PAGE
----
On Turning 30

by Jade O’Halloran

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Recently I visited the website Etsy to search for a birthday card for my best friend, who turns 30 at the end of the month, the day before me. During lockdown I’ve got quite into painting, so I wanted to have a look at the cards to see if there were any pretty designs I could poach.

What I found instead was a slew of 30th-birthday-freakout propaganda; sneery cards saying things like ‘Happy second go at being 29!’, ‘Your thirties…where you are forever wondering how you hurt your back this time’, and ‘Bad news you’re 30…Good news I’m fucking not’ (which would be totally inappropriate because we are both going to be 30, so joke’s on you, card).

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I was somewhat aware of the negative associations with turning 30 (and 40, and 50 etc.), but until now had been oblivious to their pervasiveness. Around 50% of the cards I looked at had something miserable and defeatist on the front of them, the overall message being: 30 is the year you need to STOP celebrating getting older.

Although the cards I saw on Etsy were largely targeted at both genders, I noticed that the ones specifically tailored to women focused more on, let’s say, the ‘decline of attractiveness’. You’re 30 now, so you’re no longer sexy. Time to ditch all your raunchy underwear and buy some granny pants. The party’s over. Men don’t think you’re hot anymore so you might as well give up on enjoying life, right?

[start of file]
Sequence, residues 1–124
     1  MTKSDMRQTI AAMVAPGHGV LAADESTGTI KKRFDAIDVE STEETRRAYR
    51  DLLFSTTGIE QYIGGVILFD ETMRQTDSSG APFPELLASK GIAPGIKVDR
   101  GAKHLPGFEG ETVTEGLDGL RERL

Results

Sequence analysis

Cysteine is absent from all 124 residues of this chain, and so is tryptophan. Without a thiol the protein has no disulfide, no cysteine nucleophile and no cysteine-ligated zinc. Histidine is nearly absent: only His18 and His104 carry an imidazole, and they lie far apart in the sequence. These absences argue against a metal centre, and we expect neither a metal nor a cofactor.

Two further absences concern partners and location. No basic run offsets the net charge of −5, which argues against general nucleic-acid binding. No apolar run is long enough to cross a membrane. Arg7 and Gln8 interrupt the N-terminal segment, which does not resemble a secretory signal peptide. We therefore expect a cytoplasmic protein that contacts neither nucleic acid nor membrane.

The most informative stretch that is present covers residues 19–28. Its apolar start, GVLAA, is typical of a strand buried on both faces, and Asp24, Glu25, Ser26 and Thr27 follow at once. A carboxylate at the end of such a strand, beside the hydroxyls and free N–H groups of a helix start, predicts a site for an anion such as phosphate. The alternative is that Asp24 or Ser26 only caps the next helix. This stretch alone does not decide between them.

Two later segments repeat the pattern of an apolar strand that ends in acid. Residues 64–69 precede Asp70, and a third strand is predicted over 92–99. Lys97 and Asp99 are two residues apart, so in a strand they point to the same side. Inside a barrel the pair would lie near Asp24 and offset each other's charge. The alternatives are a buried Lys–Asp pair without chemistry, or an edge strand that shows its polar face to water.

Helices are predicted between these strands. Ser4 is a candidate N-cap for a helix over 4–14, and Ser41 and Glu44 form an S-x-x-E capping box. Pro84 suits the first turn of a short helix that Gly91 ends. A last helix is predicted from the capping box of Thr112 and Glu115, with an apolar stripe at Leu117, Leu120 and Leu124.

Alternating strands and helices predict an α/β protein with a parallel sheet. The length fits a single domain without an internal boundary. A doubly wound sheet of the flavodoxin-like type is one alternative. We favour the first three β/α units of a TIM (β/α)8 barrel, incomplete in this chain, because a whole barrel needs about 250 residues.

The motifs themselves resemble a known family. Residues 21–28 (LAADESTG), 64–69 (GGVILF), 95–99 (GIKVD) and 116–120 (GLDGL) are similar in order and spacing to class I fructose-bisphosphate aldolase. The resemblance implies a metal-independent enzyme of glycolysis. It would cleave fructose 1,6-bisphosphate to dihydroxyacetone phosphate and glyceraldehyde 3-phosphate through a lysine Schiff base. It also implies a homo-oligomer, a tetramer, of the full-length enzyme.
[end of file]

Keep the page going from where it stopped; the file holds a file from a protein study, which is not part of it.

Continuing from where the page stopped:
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As women, from the moment we learn how to speak we are taught that our level of attractiveness is the most important thing about us, and once this starts to deteriorate, we cease to be relevant. When we are little girls we are complimented far more often on our looks or clothes than our intellectual achievements. And as we bloom into adulthood, we are led to believe by the media and our peers that we are more valuable when we fall into a certain age bracket, that youth is a requirement of attractiveness, that to age is to expire. Try to imagine the most recent film you saw in which ageing was positively depicted, or where the progression of life was celebrated. According to the movies, getting old is shameful and disgusting and the very idea of death is something that should remain hidden under a shroud of fear. Yet it’s the only certainty, the one thing we all share. Why not explore it?

Throughout my adolescence and early 20s, when older people would say things to me like ‘These are the best years of your life!’, I would feel confused. My growth into a full ‘human’ has barely even begun. There is always so much more to see, and learn, and do. Why would anyone decide that their existence has peaked at a time when they barely know anything?

Getting older means knowing yourself better and having a richer life experience. Getting older means casting off the insecurities and uncertainties of youth. Getting older is beautiful and should be celebrated no matter what age you are. As I approach the end of my third decade, stepping over the threshold into the next chapter, there is only one question in my mind: ‘Is there a limit to how much I can grow?’

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